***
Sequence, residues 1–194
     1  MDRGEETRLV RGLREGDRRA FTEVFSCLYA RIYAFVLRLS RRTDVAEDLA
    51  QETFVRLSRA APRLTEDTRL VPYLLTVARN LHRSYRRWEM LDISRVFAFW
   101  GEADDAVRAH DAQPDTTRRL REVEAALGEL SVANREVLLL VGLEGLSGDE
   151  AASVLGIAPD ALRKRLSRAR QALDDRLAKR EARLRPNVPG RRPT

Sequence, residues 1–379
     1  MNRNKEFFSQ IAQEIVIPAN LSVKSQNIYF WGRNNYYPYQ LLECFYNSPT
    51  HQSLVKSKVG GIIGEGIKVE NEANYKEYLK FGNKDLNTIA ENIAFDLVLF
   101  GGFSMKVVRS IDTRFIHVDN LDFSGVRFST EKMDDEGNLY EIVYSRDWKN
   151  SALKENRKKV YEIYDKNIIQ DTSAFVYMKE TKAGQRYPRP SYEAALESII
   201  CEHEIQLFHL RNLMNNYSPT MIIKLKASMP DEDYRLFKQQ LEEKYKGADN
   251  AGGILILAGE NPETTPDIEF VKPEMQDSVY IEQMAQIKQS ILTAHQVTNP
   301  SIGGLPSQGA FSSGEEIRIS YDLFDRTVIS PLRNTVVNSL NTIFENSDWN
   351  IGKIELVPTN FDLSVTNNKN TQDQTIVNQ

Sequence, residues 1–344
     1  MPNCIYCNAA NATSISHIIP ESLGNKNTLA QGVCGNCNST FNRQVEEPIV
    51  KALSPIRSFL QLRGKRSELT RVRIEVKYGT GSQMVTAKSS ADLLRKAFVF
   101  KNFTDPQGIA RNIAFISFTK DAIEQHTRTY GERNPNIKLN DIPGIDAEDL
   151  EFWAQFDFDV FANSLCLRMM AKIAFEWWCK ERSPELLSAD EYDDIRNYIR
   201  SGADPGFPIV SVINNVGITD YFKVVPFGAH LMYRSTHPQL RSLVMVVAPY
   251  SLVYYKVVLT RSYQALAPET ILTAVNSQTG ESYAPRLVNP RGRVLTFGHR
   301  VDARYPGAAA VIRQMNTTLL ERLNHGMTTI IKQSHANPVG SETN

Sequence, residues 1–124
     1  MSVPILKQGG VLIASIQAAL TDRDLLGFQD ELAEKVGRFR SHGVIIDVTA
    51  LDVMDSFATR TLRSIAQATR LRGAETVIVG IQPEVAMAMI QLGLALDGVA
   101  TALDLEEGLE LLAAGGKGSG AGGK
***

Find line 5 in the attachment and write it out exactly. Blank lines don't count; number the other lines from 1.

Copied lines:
   151  AASVLGIAPD ALRKRLSRAR QALDDRLAKR EARLRPNVPG RRPT